Our bodies are biomechanical machines. The muscles are the engines that control the skeleton. We created the OAI to raise the level of understanding for players and coaches, as well as instructors, with regards to the musculoskeletal and physiological principals that rule and govern the throwing motion. Understanding how the body works and how to […]

The Rotator Cuff’s role in the throwing motion is to center the humeral head of the shoulder in the socket of the scapula. The muscles of the Rotator Cuff (RTC) and the muscles that attach the shoulder blade (scapula) to the rib cage control the position that the shoulder stays in during every phases of the throwing […]

Vf=Vi + At Final Velocity=Initial Velocity + Acceleration (Time) Final velocity is a product of initial velocity plus the acceleration force over a period of time. The longer you apply an acceleration force to the ball, the greater the final velocity. This correlates to stride length and amount of time the hand is in contact […]

There is a sequential reason why hard throwers have very similar aspects to their throwing motion. Not all throwing motions are the same, but close analysis reveals similarities within the individualized throwing motions that illuminate why hard throwers create effortless velocity. Generating speed and transferring speed throughout the body requires a perfectly timed kinematic sequence. […]

Static stability exercises must include proper positioning throughout the entire excursion of motion to have the intended physiological and stabilization effect. Deviation from the correct positioning defeats the purpose of the exercise. At the OAI we create more rotational stability and elastic range in your tissues to allow athletes to use the individual phases of […]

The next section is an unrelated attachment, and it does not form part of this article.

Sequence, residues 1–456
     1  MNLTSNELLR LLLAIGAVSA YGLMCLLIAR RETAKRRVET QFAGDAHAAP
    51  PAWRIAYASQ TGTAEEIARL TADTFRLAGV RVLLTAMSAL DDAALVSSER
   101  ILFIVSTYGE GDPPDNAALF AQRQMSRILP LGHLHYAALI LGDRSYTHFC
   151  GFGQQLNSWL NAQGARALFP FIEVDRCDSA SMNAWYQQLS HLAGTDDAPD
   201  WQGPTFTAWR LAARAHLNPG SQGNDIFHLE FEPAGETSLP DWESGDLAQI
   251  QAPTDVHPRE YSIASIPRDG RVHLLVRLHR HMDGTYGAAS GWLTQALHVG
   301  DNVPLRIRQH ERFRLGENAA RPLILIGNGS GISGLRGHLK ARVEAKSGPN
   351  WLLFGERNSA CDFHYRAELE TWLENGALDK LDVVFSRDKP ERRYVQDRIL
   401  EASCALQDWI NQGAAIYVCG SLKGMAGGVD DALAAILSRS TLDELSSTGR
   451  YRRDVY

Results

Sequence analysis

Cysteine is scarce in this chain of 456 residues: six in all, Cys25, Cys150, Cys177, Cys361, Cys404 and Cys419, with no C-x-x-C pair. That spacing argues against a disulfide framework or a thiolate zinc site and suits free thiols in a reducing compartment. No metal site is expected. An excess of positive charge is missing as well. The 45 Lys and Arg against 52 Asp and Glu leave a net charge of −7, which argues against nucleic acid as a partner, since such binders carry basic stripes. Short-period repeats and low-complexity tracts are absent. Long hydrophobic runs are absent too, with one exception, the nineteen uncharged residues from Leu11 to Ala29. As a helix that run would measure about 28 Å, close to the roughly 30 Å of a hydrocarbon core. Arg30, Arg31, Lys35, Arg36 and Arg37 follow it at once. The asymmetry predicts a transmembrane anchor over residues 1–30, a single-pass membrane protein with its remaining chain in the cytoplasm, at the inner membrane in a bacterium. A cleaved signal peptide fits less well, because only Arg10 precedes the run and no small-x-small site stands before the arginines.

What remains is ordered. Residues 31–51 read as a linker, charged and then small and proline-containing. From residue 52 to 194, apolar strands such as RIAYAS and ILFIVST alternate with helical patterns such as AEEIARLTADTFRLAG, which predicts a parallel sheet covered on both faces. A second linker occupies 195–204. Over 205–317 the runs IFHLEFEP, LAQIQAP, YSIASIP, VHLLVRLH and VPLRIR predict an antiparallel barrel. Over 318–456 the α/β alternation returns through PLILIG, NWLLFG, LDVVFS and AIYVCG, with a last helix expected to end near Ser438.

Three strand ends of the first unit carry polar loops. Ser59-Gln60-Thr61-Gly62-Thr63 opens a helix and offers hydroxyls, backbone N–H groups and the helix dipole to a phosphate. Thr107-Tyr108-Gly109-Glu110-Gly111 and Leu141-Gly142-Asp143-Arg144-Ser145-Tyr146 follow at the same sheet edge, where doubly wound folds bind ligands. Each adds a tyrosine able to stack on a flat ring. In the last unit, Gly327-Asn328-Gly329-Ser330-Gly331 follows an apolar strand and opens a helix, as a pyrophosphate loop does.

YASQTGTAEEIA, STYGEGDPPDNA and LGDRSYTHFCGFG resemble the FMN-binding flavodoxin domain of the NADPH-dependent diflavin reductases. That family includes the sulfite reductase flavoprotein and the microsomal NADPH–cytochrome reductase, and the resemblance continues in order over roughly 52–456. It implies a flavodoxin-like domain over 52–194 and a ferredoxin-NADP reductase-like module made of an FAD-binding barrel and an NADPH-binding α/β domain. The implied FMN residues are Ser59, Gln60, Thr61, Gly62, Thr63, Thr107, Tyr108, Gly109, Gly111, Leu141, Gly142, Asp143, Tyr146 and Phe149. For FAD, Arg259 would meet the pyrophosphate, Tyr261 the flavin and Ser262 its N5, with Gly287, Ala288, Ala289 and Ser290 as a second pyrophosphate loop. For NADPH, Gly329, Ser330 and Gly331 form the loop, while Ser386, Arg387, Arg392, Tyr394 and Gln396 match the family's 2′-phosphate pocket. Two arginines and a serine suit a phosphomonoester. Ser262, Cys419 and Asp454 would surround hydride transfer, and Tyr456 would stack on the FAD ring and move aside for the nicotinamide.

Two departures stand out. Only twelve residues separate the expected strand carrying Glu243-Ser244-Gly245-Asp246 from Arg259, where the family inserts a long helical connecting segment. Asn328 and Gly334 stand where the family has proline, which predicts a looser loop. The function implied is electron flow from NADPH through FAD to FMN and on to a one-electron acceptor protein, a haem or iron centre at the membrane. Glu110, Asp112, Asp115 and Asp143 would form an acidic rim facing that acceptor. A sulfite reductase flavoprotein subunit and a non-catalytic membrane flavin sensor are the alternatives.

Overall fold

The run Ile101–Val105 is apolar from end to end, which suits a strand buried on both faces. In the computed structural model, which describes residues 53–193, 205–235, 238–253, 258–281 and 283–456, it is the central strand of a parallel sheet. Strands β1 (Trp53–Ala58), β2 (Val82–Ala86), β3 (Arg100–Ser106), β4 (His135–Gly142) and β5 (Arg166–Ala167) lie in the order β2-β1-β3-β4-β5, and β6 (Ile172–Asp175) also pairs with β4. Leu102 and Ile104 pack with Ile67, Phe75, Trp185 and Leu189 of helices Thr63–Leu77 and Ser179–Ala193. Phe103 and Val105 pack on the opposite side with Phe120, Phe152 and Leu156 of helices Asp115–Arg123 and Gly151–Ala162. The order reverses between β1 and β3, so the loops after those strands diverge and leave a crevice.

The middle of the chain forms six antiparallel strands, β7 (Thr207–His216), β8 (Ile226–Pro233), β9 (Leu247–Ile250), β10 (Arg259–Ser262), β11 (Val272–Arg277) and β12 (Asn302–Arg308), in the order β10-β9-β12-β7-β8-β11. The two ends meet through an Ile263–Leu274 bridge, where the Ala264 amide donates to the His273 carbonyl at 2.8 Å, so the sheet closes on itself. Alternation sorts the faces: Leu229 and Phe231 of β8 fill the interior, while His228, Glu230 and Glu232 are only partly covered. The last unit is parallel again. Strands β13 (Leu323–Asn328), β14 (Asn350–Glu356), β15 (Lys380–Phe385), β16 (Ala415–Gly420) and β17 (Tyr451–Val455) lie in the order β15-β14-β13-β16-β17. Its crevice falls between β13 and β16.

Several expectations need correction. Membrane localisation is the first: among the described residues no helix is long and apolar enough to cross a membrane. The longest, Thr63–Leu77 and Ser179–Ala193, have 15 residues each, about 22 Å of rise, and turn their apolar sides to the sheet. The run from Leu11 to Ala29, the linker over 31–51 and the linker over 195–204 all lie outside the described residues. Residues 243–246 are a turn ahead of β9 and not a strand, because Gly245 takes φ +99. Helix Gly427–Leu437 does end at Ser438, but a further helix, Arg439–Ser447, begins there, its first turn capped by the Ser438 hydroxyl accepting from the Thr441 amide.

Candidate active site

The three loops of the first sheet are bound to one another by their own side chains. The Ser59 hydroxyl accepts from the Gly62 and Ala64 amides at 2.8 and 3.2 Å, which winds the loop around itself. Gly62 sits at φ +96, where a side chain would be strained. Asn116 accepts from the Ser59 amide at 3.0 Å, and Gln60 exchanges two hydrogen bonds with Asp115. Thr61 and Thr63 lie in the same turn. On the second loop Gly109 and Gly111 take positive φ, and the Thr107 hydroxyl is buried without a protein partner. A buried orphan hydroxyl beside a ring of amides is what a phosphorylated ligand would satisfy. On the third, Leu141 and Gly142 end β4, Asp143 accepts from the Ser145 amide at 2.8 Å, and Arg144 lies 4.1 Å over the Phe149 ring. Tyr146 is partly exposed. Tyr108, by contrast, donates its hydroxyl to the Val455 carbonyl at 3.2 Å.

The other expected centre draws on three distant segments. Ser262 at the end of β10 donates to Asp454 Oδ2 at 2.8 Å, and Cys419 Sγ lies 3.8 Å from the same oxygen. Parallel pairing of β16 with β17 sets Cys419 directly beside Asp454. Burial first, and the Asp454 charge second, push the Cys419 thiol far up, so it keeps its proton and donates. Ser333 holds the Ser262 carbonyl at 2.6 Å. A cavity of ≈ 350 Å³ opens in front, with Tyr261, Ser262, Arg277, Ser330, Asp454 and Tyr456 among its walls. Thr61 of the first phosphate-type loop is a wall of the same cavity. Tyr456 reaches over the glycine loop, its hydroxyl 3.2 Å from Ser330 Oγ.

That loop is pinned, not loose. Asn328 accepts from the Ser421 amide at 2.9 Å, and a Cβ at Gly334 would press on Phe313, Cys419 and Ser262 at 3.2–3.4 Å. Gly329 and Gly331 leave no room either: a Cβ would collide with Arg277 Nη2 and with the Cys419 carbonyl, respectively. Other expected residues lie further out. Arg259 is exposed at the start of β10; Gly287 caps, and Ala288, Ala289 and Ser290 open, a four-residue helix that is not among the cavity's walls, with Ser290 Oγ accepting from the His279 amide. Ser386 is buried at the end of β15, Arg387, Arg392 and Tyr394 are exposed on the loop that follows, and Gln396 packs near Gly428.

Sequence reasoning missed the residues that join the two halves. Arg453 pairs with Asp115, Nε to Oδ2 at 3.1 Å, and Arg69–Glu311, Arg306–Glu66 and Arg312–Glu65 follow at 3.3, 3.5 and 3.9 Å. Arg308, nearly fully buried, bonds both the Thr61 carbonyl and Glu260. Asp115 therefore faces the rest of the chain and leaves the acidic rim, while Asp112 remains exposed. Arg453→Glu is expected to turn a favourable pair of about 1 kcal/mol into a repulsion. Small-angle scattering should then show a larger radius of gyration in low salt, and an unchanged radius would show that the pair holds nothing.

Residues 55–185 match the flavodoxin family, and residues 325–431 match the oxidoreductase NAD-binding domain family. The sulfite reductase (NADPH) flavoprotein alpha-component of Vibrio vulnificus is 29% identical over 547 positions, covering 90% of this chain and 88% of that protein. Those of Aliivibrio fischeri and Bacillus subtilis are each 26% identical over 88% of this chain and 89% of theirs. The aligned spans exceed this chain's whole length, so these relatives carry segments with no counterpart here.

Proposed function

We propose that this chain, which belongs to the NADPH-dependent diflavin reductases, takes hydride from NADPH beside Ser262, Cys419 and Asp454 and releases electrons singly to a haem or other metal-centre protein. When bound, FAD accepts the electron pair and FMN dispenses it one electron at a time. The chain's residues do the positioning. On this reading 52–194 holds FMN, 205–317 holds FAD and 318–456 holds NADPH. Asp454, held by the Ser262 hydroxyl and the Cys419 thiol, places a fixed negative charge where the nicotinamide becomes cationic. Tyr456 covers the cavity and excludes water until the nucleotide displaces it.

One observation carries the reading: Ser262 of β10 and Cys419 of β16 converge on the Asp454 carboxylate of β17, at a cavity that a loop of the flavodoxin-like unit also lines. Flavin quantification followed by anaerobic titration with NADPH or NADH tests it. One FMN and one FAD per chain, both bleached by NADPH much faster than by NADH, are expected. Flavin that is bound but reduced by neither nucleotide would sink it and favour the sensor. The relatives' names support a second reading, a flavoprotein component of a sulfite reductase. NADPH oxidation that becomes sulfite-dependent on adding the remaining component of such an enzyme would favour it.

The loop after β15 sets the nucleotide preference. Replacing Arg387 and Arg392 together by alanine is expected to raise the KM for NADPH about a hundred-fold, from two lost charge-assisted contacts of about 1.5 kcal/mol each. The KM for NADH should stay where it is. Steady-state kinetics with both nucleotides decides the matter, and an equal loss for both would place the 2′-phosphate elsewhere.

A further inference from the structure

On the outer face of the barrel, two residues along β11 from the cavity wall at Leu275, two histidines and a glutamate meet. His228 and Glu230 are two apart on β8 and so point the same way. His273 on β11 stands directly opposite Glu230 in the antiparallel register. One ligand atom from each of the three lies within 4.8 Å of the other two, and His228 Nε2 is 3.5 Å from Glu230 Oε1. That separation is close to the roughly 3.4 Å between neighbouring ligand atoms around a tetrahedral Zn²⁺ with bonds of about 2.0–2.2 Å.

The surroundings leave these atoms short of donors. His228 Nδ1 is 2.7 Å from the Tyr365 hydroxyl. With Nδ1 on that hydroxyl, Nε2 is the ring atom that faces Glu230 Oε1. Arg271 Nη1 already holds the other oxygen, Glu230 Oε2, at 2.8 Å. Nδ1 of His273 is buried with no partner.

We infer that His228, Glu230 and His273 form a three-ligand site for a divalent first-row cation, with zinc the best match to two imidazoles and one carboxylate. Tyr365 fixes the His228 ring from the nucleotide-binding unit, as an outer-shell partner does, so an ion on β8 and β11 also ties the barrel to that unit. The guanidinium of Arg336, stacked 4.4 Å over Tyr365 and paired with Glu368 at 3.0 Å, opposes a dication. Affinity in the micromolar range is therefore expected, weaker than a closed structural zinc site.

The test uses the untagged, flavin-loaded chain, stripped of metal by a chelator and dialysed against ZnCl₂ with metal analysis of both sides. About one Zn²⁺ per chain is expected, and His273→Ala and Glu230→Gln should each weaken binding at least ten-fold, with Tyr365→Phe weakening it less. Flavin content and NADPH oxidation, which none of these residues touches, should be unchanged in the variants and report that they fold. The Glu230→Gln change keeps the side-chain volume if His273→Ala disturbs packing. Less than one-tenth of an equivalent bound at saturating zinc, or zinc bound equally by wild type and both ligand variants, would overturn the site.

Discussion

Today’s athletes are expected to be more specialized at a much earlier age. This is both good and bad. From the perspective of skill acquisition and the timing and repetition required to become or approach elite status, specialization may have a benefit. From the perspective of over-training and diversification of activity, early specialization may negatively […]

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Specificity of Types of Muscle Fibers Type IIB and Type IIA Muscle Fiber Types and Specificity Type IIB muscle fibers are fast twitch glycolytic and are the speed producers.  Type IIA muscle fibers are fast twitch oxidative and are intermediate speed producers.  Structured training has been proven to make our recruitment of muscle types more […]

The key to velocity is biomechanics. Each athlete is unique, but the formula for throwing the ball efficiently is the same.   Where you create velocity is a product of how you use your body throughout the individual phases of the throwing motion.  Understanding what to do and when needs to be understood and felt by […]

Long Toss has been used by many coaches and teams as a means to increase arm strength and endurance. There has never been any statistical justification or evidence based research study to support this anecdotal method of training. Long toss does more damage than good. Changing the angle of release for an overhead thrower alters […]

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Video Analysis is a vital and absolutely necessary component of performance evaluation. It is critical to recognize biomechanical faults or tendencies in a throwers technique and know what changes need to be made. Many websites offer video analysis of the throwing motion as part of their program and also offer suggestions as to what changes […]